FOR IMMEDIATE RELEASE
Port Makes First Payment on $4-Million Plan, One of the First Programs of its Type Nationally
POSTED ON BEHALF OF:
The City of North Charleston, Lowcountry Alliance for Model Communities & The South Carolina State Ports Authority
For More Information, Please Contact:
Wannetta Mallette, 843-308-4748
North Charleston, SC – North Charleston Mayor Keith Summey today joined the Ports Authority, community leaders and residents to kick-off of an historic $4-million community mitigation program in the City.
The Ports Authority's $4 million will fund a host of programs in the area, ensuring the new port terminal at the former Navy Base has the greatest positive impact on the surrounding area. Earlier this year, nine state and federal agencies signed off on the new port development project at the former Navy Base.
“The negotiations between the neighborhoods, City and SPA ended with the neighborhoods gaining an opportunity to enhance the value, conditions, and livability of their community,” said Mayor Summey. “The mitigation provides a wonderful and unique chance to allow the neighborhoods to guide and mold their future.”
The massive community mitigation program is result of a working partnership between the City of North Charleston, the community and the Ports Authority. Over several months, the City and the Lowcountry Alliance for Model Communities, a group of seven neighborhoods near the terminal site, worked with the Ports Authority to minimize negative impacts and maximize positive impacts.
The resulting agreement, which was signed by the neighborhoods, the City and the Ports Authority, calls for the Ports Authority to fund $4.08 million in community, neighborhood and economic development projects.
This approach was quite unique. While most major projects include traditional “green” mitigation for wetlands and other impacts, this is one of the first port expansion projects on record that focused on community efforts as part of the formal mitigation plan.
Specific community priorities that will be funded through this effort include:
Bernie Groseclose, president & CEO of the South Carolina State Ports Authority, delivered the first $750,000 installment to Mayor Summey earlier today. Annual payments of $300,000 will follow until the project is completed in 2013.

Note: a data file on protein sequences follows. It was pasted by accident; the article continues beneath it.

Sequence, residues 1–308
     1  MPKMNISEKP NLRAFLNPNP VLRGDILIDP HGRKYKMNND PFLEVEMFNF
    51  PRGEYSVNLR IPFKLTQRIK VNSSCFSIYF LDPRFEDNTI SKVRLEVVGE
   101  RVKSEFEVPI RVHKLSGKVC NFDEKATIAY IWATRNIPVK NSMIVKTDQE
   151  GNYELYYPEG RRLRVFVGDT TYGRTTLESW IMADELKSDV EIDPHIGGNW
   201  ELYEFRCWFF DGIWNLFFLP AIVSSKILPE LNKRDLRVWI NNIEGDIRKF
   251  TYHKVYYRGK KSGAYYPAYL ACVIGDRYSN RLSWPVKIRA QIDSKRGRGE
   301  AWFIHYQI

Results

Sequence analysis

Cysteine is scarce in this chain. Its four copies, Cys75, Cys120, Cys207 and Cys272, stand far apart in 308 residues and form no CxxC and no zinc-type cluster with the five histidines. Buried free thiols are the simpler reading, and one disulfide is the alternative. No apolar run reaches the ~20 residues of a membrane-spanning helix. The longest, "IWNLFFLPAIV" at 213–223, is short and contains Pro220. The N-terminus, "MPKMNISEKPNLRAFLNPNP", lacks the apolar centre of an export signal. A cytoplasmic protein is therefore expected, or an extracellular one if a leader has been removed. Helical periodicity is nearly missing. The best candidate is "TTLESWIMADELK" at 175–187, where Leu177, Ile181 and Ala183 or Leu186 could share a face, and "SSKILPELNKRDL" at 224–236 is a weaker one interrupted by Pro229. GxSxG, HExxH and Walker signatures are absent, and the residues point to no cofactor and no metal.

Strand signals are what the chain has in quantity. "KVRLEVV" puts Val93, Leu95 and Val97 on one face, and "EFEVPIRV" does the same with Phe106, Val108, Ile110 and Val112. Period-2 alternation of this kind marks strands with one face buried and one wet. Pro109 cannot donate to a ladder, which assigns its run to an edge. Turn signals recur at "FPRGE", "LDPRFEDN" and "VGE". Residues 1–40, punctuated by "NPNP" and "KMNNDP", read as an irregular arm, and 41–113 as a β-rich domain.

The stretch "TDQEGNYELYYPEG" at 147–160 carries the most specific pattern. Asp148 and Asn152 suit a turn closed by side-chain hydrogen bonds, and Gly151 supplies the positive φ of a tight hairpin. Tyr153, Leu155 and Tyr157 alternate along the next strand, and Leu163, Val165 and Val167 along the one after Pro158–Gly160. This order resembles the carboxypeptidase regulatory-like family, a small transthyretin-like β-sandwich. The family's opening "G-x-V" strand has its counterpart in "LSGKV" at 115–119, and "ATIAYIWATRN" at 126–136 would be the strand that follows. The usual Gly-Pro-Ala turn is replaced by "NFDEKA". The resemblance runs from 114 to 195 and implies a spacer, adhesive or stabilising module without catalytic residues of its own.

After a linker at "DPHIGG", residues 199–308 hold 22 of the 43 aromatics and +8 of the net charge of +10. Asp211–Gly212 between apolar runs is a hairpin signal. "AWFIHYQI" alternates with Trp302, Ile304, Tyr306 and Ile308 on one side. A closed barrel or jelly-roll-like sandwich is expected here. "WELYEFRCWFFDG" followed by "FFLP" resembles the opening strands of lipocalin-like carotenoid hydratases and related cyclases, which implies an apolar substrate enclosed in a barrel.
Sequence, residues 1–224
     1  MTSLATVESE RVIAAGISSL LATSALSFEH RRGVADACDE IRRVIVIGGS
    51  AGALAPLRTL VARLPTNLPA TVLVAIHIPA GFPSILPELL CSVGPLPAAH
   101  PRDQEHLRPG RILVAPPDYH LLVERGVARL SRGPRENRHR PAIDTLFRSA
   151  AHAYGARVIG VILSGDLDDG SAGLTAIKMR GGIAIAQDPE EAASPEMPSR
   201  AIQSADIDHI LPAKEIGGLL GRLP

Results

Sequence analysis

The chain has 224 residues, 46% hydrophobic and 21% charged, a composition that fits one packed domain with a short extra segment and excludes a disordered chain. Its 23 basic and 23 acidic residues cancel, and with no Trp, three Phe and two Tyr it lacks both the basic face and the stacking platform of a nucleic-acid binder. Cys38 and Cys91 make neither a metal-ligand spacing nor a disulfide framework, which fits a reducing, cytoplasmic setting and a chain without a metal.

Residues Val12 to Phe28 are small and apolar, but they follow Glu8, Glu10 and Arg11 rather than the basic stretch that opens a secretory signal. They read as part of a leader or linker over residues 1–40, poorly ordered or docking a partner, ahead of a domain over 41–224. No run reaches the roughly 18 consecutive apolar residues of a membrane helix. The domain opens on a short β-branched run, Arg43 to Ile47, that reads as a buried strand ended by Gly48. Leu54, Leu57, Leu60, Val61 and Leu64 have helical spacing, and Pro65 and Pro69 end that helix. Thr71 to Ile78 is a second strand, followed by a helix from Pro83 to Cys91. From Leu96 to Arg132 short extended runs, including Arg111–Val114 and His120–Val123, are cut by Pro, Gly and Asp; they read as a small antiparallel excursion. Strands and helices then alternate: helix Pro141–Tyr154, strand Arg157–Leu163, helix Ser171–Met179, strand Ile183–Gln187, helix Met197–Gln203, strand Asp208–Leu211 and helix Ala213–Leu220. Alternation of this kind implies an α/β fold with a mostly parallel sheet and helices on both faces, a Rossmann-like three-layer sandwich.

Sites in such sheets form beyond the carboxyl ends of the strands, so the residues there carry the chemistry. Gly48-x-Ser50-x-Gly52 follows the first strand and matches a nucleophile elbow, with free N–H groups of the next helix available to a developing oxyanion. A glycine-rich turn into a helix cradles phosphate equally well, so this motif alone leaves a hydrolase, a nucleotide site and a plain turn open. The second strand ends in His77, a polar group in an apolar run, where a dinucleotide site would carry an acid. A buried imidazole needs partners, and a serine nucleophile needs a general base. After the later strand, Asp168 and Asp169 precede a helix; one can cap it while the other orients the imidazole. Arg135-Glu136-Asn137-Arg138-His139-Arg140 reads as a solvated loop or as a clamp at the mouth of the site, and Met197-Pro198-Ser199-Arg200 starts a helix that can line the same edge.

“Port development means good things for the economy, for the environment and for the community,” said Groseclose. “LAMC showed a deep concern for its community and a desire to enact change. We feel honored to have started this relationship and look forward to growing it together.”
“I always believed that the new port terminal would be a positive for my community because of its economic development opportunities,” says Thomasina Green, Union Heights Neighborhood President and Vice President of LAMC. “I along with the other neighborhood presidents decided to work with the City of North Charleston and the SPA to mitigate potential undesirable environmental impacts. LAMC members, most with no prior environmental or transportation planning experience, had to teach ourselves NEPA policies particularly those pertaining to environmental justice. We did not receive any assistance from environmental advocacy groups including the Coastal Conservation League at any time during the assessment phase. While we were concerned about air quality, there were other environmental issues as equally important to us: diminished housing values, environmental protection during construction, and the port access road alignment. We did not spend countless hours in meetings for our benefit, but to benefit the residents of our communities for generations to come.”
The community mitigation is part of a larger $12-million mitigation program to offset impacts of the Ports Authority's new container terminal at the former Navy Base. The mitigation program was an essential element of the project's ultimate approval.